Leinster look to the world of big tech and Google with the appointment of their new CEO

LEINSTER have appointed Google executive Shane Nolan as their new chief executive.

he Meath native will replace retiring CEO Mick Dawson in November having held the role of Managing Director, New Business Sales for the EMEA region at the tech firm for the past five years.

Nolan has a rugby background, having attended Castleknock College and NUIG. He played for the Connacht U-20s, before playing for Navan and he is a Leinster season ticket holder.

“I am thrilled and honoured to be taking on the role of Leinster Rugby CEO,” he said in a club statement.

“Leinster is a powerhouse in its field, both on and off the pitch, thanks to the brilliant leadership of Mick and all of the outstanding team at Leinster Rugby.

“I am excited to work with everyone in the organisation as we look to embark on the next stage of development and success.”

The experienced Dawson, who has been CEO for 21 years, will continue in the role until Nolan takes over in what Leinster hope will be a seamless transition.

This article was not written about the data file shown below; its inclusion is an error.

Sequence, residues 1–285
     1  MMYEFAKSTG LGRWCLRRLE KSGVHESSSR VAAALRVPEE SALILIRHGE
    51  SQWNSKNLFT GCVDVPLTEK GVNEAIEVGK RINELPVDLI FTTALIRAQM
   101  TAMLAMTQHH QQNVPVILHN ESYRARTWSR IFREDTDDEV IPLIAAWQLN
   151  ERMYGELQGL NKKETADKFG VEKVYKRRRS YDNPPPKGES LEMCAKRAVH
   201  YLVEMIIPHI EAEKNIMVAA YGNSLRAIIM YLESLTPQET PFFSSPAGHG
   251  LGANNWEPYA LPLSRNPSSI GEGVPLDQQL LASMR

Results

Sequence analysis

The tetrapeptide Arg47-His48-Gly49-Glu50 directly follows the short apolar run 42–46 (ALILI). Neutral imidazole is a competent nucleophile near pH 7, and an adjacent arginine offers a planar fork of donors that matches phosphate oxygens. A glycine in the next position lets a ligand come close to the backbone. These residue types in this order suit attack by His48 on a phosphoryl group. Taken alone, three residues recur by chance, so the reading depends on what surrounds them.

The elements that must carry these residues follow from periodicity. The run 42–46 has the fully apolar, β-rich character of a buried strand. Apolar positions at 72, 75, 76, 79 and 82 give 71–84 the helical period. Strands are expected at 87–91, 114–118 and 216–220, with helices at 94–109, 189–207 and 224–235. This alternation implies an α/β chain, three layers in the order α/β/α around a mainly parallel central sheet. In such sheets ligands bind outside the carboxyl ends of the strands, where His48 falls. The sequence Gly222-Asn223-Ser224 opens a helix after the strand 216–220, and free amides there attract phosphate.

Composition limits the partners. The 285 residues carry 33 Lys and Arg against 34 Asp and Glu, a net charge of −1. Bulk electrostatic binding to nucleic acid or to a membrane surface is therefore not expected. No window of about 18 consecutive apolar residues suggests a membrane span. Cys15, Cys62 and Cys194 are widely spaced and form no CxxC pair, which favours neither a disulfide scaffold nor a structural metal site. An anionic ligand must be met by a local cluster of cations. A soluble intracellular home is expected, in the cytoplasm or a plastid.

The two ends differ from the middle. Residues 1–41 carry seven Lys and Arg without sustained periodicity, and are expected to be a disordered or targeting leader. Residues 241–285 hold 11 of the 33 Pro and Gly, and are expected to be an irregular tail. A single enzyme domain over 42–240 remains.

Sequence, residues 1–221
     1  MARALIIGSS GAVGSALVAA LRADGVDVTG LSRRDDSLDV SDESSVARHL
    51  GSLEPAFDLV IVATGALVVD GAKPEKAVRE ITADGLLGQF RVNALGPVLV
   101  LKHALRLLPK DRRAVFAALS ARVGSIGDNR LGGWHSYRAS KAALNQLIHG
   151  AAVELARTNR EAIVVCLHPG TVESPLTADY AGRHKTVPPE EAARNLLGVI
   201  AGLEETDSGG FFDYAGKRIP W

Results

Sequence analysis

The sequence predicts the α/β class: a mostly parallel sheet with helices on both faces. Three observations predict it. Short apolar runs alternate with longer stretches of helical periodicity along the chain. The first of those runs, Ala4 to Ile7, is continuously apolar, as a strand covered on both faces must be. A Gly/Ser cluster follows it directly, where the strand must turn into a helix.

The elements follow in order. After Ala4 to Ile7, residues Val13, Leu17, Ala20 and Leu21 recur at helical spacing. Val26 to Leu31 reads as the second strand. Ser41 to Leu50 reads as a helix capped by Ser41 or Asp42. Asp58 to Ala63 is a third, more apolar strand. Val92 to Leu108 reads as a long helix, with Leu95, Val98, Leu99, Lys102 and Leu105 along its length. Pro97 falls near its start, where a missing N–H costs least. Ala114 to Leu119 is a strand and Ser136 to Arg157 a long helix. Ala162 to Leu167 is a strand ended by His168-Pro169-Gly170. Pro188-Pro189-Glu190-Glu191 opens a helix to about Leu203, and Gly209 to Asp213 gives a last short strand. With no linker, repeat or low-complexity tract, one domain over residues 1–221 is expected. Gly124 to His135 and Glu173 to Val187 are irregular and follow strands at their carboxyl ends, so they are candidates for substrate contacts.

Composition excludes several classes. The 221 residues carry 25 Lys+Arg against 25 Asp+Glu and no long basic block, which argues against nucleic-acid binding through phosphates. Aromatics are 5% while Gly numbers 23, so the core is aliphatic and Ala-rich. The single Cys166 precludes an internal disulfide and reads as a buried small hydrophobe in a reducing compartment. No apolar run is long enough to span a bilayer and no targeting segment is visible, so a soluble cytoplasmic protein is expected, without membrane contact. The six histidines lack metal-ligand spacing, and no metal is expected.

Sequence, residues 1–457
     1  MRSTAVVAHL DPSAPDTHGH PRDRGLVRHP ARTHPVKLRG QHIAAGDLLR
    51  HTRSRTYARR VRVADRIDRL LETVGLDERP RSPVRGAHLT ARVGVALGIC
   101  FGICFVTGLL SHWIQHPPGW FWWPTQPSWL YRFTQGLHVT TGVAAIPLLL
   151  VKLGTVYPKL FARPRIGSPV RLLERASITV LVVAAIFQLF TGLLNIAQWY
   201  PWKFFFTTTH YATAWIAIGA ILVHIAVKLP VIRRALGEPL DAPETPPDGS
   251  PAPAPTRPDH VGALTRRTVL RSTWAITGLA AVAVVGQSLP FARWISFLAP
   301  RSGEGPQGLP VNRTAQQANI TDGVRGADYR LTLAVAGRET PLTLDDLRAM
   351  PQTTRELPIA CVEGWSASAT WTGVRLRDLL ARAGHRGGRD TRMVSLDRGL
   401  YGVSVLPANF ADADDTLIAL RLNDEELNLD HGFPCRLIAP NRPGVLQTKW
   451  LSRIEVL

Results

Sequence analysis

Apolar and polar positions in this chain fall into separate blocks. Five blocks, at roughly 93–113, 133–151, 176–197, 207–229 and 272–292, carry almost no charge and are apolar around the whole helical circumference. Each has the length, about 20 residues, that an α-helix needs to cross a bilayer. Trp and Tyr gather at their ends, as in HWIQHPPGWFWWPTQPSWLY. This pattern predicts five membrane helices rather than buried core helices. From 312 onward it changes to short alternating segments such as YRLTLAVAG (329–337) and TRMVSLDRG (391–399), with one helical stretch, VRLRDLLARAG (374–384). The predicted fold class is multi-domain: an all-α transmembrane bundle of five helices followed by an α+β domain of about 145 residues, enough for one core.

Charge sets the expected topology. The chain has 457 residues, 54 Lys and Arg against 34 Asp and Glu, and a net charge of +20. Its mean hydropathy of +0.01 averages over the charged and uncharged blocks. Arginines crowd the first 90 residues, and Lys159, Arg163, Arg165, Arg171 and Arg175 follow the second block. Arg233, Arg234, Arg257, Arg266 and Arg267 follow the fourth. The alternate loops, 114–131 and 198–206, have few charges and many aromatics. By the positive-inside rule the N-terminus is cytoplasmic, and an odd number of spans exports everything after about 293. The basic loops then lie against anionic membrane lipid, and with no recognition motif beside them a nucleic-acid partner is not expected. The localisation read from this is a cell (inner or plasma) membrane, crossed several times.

Leinster will hope that Nolan’s commercial strength will help the province grow, while the delivery of the RDS stadium project will be a key focus for the new man.

His lack of experience in the rugby administration side of the business is compensated by the presence of Guy Easterby in the role of Head of Rugby Operations and Leo Cullen’s broad remit as coach.

Their current priority will be securing the future of Stuart Lancaster who is being courted by Racing 92.

IRFU chief executive Kevin Potts welcomed the appointment.

“Shane was a stand-out candidate in a very strong field of applicants,” he said.

“Shane’s impressive senior leadership experience, rugby background and passion for the game will provide Leinster Rugby with another great leader following on from the departure of Mick Dawson.

“I look forward to working with Shane in the months and years ahead, and wish him every success as we thank Mick for all that he has done for Leinster and Irish rugby.”

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